To take another example of U.N. bias, an egregious breach of the spirit of the U.N. Charter occurred in 2005 at an event at U.N. headquarters where a Palestinian exhibition displayed a map of Israel that was not labeled Israel but rather “Palestine.”
The West Bank security fence, a lifesaving measure that has virtually stopped all West Bank-based terrorism, is also not immune to the U.N.’s wrath. The wall was declared “illegal” while no such condemnation, much less prolonged discussion, has been leveled against, for example, Morocco’s Wall with Western Sahara which illegally protrudes into the sovereign territory of neighboring Mauritania and has violated human rights.
Another shameful chapter in the U.N.’s long history of anti-Israel bias is that of the critically flawed Goldstone Report, issued in 2009 in response to Israel’s Operation Cast Lead in Gaza. The report claimed that Israel deliberately targeted civilians while Hamas did not. Two years later, Judge Goldstone retracted both those claims. Despite the glaring errors, omissions, and distortions and overall misguided nature of the report, the U.N. and most of its member states unhesitatingly endorsed it as an accurate account.
As we see with the Gaza conflict raging right now, the U.N. is still as biased as ever against Israel. The Human Rights Council recently passed Resolution S-21 creating a commission to report on human rights violations in the war. However, this is not a resolution calling for a fair trial that considers the evidence before making an informed decision. With barely a mention of Hamas’ indiscriminate rocket attacks, the resolution automatically assumes that Israel is the guilty party and thus, like the Goldstone Report, relinquishes all pretense of credibility. It is also worth mentioning that in 2007 even U.N. Secretary-General Ban Ki-moon criticized the Council’s disproportionate focus and unfair treatment of Israel saying “The Secretary-General is disappointed at the Council’s decision to single out only one specific regional item, given the range and scope of allegations of human rights violations throughout the world.”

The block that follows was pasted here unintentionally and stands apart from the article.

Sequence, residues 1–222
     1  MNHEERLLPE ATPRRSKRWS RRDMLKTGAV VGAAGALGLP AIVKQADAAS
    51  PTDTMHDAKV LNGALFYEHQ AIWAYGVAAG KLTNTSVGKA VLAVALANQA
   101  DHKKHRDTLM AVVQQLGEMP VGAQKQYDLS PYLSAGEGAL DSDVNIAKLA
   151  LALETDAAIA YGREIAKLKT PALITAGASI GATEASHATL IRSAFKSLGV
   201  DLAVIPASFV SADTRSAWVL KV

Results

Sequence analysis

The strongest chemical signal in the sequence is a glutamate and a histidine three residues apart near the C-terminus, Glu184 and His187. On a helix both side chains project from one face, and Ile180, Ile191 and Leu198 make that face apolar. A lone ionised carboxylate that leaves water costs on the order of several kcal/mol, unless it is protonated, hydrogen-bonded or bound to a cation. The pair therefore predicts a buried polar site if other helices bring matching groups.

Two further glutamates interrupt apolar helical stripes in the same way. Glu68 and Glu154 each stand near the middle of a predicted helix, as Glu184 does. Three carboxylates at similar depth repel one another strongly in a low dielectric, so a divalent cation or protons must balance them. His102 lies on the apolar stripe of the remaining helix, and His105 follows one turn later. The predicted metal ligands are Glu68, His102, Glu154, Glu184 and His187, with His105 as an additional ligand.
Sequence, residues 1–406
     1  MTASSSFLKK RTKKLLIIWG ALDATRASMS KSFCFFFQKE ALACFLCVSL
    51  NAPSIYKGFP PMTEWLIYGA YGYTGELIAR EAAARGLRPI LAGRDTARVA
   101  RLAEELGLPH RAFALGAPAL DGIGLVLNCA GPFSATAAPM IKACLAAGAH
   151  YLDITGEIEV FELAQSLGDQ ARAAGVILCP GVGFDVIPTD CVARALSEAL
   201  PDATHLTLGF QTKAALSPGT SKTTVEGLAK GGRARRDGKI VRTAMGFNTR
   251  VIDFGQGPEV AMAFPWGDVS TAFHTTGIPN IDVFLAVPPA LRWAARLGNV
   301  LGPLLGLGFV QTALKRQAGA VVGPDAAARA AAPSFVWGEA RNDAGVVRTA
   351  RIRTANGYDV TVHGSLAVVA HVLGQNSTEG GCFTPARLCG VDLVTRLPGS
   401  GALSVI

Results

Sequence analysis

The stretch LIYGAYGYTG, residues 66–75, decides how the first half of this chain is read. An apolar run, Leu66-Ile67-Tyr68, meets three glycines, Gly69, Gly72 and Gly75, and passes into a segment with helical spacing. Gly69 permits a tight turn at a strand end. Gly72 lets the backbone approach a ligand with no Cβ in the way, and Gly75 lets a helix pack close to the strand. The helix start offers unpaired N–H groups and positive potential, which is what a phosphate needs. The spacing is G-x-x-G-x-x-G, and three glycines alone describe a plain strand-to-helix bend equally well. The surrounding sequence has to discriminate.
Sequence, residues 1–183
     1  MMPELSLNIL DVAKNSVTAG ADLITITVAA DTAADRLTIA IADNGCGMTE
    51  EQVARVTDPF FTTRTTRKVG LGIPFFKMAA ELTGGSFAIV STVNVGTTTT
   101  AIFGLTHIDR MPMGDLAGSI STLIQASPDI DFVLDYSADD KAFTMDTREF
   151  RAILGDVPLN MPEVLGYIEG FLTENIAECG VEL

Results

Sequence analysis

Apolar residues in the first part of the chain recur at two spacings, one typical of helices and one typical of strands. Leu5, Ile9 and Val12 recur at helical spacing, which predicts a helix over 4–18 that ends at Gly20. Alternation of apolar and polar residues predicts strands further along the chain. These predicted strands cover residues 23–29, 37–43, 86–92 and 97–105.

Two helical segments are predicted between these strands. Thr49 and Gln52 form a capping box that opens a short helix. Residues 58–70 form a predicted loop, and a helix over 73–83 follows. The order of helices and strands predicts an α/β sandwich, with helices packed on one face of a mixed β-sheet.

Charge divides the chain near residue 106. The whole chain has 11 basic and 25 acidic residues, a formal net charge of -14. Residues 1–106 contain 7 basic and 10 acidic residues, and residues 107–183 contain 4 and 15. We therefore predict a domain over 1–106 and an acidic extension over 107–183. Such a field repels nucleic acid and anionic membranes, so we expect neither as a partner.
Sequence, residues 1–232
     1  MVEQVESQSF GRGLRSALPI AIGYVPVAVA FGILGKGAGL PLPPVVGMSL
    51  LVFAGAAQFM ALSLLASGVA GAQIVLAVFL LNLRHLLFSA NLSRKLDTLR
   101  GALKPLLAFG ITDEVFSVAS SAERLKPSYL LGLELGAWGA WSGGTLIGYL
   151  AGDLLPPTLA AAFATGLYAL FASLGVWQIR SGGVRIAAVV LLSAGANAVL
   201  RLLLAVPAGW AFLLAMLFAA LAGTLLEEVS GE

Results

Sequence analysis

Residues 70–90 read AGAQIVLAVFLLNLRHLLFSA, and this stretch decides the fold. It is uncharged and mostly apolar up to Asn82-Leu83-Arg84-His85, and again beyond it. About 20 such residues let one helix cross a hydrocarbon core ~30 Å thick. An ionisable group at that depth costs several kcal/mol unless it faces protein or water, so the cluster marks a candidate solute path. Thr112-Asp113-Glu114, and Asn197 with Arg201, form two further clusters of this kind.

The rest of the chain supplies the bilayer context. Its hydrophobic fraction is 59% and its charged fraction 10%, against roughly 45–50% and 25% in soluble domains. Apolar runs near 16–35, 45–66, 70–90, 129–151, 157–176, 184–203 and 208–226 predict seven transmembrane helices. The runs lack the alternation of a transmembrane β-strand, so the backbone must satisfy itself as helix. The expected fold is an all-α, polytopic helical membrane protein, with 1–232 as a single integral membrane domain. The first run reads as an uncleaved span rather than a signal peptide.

However, the issues go even deeper than anti-Israel bias. It is clear that this bias borders on, if not qualifies as, anti-Semitism but there have also been outright anti-Semitic statements made by national representatives at the U.N. that have gone unchallenged or have even been endorsed by U.N. officials.
For example, in 1991 the Syrian Ambassador repeated the medieval blood libel of Jews killing Christian children to use their blood for matzos. This repulsive lie was only challenged months later after U.S. pressure. In 1997 a Palestinian representative accused the Israeli government of infecting hundreds of Palestinian children with HIV. This statement has not been contradicted or challenged on the official U.N. record. In 2005, Jean Ziegler, the UN Special Rapporteur on the Right to Food labeled the Gaza Strip as an “immense concentration camp.” Despite a U.N. spokesman’s rejection of Ziegler’s statement, the U.N. took no punitive action against Ziegler. In 2008, the former president of the General Assembly, Miguel d’Escoto Brockmann, openly embraced former President Mahmoud Ahmadinejad of Iran right after the latter made a brazenly anti-Israel and anti-Semitic speech. Brockmann also made a speech where he equated Israeli policies with apartheid and called for an international boycott of Israel.
One of the saddest moments in the U.N.’s history occurred in 2003 when for the first time a resolution outright condemning anti-Semitism was proposed in the General Assembly but the sponsor of the bill, Ireland, was forced to withdraw it due to lack of support.
Then, in one of the U.N.’s most outrageous and insulting acts, UNESCO earlier this year indefinitely postponed an event due to take place in Paris called “The People, The Book, the Land: The 3,500-year relationship between the Jewish people and the land of Israel.” The reason cited by UNESCO’s Assistant Director-General Eric Fait was that the peace process was “at a delicate stage.”
Finally, the U.N.’s acceptance of “Palestine” as a member of the General Assembly in 2012 not only did absolutely nothing to further the peace process, but now has the effect of lending Hamas legitimacy on account of the Hamas-Palestinian Authority merger earlier this year.
To say that the U.N. is in need of reform is an understatement. It is a broken system where anti-Israel bias is the norm and where discussion of the Israeli-Palestinian conflict takes precedence over such pressing issues as Darfur, Congo, or Syria. However, while it’s tempting to dismiss the U.N. wholesale, we should keep in mind the U.N.’s many positive achievements in the areas of education, peacekeeping, and humanitarian aid.
(Sources: Jewish Virtual Library, UN Watch, Ynet News, New York Post, Times of Israel, L.A. Times, Anti-Defamation League)